In the News

  • City of Oakland

    The United States Geological Survey estimates that of all Bay Area faults, the Hayward fault (which runs directly through Oakland) has the highest likelihood of a major earthquake in the next 30 years. An earthquake on Oakland’s Hayward fault is expected to be one hundred times stronger than the 1989 Loma Prieta quake and could cause billions of dollars in damage, as well as threatening the safety and lives of thousands of residents. In Oakland alone, 1,300 housing units in multi-family buildings were lost or severely damaged in Loma Prieta. These buildings were a significant affordable housing resource for elderly and minority residents.

    Without the needed precautions in place, the next big quake could be Oakland’s Hurricane Katrina. Twenty-two thousand (22,000) rental units in Oakland are in the type of building known as “soft story.” Soft story buildings are the primary type of structures that collapsed in the Loma Prieta and Northridge earthquakes. This is why tackling those precautions is of the utmost importance.

    Mayor Jean Quan, Councilmember Dan Kalb and City Staff will host a community forum to discuss efforts underway by the City of Oakland to design a “Safer Homes for Oakland” seismic retrofit program that reduces displacement and safety risks posed by “soft story” apartment buildings.

    When: 5:30-7pm, Thursday, October 30th

    Where: Hearing Room 1 at City Hall (1 Frank H. Ogawa Plaza, Oakland)

    The meeting will include a panel of Oakland city staff and staff from neighboring cities that have recently implemented soft-story programs.

    A panel of Oakland city staff and guests will include:

    • Victoria Salinas, Chief Resilience Officer, City of Oakland
    • Renee Domingo, Director, Office of Emergency Services, City of Oakland
    • Michelle Byrd, Director, Housing and Community Development, City of Oakland
    • Deborah Sandercock, Building Official, City of Oakland
    • Patrick Otellini, Chief Resilience Officer, Director of Earthquake Safety, City and County of San Francisco

    download the flyer

    Please contact Melissa Vargas, Community Services Manager, Office of the Mayor at or (510) 238-7072 with any questions or concerns.

  • A public policy symposium to commemorate the 25th anniversary of the Loma Prieta earthquake and support future resilience action.

    The 25th Anniversary of the 1989 Loma Prieta earthquake offers Bay Area residents and regional leaders an opportunity to inspire regional action for safer, more resilient communities.

    This commemorative public policy symposium offers an exciting and relevant time to engage in creating a more resilient, adaptive future in our communities.

    Bay Area thought leaders, community advocates, and elected officials will launch a three-year public policy program designed to spark quick recovery from future disasters and enact place-based action for a safer future in the places we call home.

    When: Thursday, October 16, 2014, 9am-5pm, reception following

    Where: Kaiser Center Auditorium, 300 Lakeside Drive, Oakland, CA 94612

    For more information and to register please visit

  • Join us for a lunchtime talk by professor John McDonagh of Lincoln University in Christchurch, NZ.

    Mr. McDonagh is researching the impact of the 2010/2011 Christchurch earthquakes on building owners and tenants in an area of the Christchurch central business district that was undergoing revitalization and gentrification prior to the earthquakes. The methodology encompasses a comprehensive, long term case study of the area involving observation, interviews and document analysis. This paper reports preliminary findings based on a small number of interviews, also informed by observation of public meetings and newspaper reports. Findings include early commitment by some businesses to a rebuild of the area in the same style, but over time this has declined as delay, demolition, insurance problems, public safety and engineering concerns, political and planning changes and other emerging issues have made participation by the original owners and tenants impossible or uneconomic. It is early days in a long term rebuild process and this study focuses on only one area of the city, but it appears similar problems have arisen in other parts of the city and may well apply to other locations and other types of disasters.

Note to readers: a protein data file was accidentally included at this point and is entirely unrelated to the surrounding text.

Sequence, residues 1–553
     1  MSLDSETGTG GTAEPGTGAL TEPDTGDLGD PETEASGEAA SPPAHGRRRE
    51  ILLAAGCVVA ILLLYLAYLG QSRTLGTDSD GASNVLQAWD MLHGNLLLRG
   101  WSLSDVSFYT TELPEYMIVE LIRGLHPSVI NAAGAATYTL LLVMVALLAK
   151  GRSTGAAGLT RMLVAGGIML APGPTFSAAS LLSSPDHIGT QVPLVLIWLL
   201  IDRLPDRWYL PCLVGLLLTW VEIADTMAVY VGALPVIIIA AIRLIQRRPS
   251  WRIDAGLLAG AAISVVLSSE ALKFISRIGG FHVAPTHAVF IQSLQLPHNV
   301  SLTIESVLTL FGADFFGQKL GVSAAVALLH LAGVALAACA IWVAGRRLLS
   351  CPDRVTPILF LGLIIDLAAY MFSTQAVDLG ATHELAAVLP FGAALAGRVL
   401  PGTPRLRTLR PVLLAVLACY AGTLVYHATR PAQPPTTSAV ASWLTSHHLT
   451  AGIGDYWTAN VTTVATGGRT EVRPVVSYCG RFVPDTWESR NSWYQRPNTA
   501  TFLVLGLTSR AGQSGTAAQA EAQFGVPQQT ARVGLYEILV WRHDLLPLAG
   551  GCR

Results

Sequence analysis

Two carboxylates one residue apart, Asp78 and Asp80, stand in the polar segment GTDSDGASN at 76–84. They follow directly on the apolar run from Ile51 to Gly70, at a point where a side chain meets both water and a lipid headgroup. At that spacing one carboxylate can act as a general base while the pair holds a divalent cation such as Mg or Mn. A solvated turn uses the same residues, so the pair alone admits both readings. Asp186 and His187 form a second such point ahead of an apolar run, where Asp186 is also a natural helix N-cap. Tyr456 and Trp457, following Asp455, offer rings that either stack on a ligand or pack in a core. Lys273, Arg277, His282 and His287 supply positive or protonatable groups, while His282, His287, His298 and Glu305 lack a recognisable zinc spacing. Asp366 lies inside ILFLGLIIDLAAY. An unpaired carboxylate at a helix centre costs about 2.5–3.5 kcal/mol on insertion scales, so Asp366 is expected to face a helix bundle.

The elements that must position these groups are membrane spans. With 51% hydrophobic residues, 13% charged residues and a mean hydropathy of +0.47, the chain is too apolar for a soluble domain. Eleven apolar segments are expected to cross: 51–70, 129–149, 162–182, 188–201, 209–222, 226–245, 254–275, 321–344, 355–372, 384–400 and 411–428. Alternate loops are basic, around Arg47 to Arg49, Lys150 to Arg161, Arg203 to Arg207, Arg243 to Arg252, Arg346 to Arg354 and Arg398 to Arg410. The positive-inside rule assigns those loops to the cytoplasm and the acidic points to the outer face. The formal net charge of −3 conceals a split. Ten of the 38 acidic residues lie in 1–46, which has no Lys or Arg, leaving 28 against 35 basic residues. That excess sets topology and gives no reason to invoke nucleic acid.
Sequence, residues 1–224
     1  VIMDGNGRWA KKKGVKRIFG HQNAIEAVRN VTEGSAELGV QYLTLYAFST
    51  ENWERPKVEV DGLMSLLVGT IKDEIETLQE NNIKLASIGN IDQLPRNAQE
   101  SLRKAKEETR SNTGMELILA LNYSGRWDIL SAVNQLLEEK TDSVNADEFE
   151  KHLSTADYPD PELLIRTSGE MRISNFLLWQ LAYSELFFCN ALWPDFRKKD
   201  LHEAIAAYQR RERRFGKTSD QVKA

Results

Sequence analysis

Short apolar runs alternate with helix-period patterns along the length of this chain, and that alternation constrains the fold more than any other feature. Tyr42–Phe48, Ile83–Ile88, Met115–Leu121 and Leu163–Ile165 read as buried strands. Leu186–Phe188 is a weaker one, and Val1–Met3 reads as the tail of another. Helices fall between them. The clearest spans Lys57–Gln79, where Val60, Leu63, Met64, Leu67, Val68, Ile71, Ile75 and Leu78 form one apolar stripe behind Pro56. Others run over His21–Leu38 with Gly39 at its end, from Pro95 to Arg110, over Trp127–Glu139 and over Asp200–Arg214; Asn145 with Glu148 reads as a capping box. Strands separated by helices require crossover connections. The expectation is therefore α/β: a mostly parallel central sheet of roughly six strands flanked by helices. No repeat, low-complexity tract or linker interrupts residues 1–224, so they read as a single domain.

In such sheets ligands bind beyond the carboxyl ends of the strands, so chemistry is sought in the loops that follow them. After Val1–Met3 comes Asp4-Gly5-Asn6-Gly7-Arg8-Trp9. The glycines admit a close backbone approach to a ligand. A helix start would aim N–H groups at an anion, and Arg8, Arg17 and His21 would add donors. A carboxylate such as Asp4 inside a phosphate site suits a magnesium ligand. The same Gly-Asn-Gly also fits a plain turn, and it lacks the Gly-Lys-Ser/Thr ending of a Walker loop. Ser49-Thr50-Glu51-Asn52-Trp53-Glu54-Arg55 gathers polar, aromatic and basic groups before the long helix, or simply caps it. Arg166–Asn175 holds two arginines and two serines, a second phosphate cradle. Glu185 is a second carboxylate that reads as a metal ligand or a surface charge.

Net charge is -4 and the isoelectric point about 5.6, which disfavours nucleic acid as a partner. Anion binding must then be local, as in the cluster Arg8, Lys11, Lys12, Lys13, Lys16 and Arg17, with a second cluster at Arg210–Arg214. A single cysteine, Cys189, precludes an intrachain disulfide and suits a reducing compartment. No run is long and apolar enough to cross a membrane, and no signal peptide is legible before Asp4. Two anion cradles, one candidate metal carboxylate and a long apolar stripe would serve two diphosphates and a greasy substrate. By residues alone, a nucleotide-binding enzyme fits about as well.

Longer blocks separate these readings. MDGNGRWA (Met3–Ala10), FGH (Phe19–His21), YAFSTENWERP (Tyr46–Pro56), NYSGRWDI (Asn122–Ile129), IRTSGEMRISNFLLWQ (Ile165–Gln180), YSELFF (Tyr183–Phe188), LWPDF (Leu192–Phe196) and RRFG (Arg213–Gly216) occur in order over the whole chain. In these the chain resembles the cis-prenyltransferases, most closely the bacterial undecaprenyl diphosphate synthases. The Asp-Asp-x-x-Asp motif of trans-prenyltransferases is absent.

When: Wednesday, September 17th, noon-1pm

    Where: MetroCenter, 101 8th St, Oakland, 3rd Floor Staff Conference Room

    If you plan to attend this lunchtime talk, please RSVP to

  • CaLEAP will conduct an Energy Strategy workshop for local governments to become more resilient to energy disruptions. For questions or to RSVP: Megan Unyi 916-217-9611 or

    10 a.m.-1 p.m., Oakland Convention Center, 550 10th St., Oakland, CA.

  • The Bay Area Airport and Infrastructure Resilience Special Meeting will present the findings of the first two products from ABAG’s Airport and Infrastructure Resilience Project: the Airport Liquefaction Susceptibility Analysis and the Role of Airports in Regional Disaster Response and Recovery. Please register online.

  • Join the Bay Area Earthquake Alliance for a talk and tour about the effects of the 1906 earthquake on the Mission District. RSVP before May 24.

    2:30 to 4:30pm, Audre Lorde Room, 3543 18th St, San Francisco.

  • Register now! Creating a Resilient Region – Protecting Our Investments.

    Join elected officials and private sector leaders for a discussion of how the Bay Area’s economic resilience is interconnected with planning for long-term disaster resilience and recovery at ABAG’s Fall General Assembly, October 18, 2012 at the Hyatt Regency Embarcadero.

  • ShakeOut 2012
  • Register now! The Bay Area Prepares for the Next Large Earthquake. Bay Area Earthquake Alliance Meeting–free and open to the public. 1 p.m. to 3 p.m. EBMUD Boardroom, 375 11th Street, Oakland.